Thursday, 18 June 2015

Eyam - 350 years after the plague

We are back in England now and travelling in the campervan through the Derbyshire Peak District to see some friends who live near Manchester.
We stopped off at the village of Eyam, as I had heard a little bit about it. However, it was far more interesting than I expected, so briefly, here goes:-
Exactly 350 years ago London was in the grip of the bubonic plague and a horse and trap carrying clothing was sent to Eyam.
It turned out that it was infested with fleas carrying the plague and George Viccars, the unfortunate person who opened the parcel was the first one to die.
It spread incredibly rapidly through the village, killing off whole families. The local vicar persuaded the villagers to stay cut off from the world in order to stop the plague spreading throughout the county, and over the next 14 months 260 out of a population of 700 died.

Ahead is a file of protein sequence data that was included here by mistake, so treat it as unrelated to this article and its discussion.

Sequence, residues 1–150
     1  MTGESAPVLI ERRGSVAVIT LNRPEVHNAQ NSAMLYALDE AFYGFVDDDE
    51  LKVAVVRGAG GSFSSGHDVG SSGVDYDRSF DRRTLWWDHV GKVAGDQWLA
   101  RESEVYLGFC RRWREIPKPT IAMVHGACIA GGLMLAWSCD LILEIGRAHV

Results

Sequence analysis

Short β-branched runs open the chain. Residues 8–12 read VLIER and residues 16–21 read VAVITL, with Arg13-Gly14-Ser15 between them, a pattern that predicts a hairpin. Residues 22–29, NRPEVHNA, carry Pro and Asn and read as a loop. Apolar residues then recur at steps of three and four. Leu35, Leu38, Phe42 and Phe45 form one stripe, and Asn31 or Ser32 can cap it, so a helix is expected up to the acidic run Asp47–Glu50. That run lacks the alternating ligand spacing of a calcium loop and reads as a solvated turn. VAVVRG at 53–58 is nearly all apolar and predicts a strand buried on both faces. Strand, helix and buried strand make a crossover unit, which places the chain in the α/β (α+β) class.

They had no idea how the disease was spreading and it must have been terrifying waiting to see who would fall ill next.
It was very heroic of the village to halt the spread of the plague, and 350 years later the community are incredibly proud of their ancestors.
We walked through the village and saw the cottages where the people lived, looked around the museum and saw the plaques that explained what happened to each household.
Very interesting place, friendly people and tasty cakes at the cafe.

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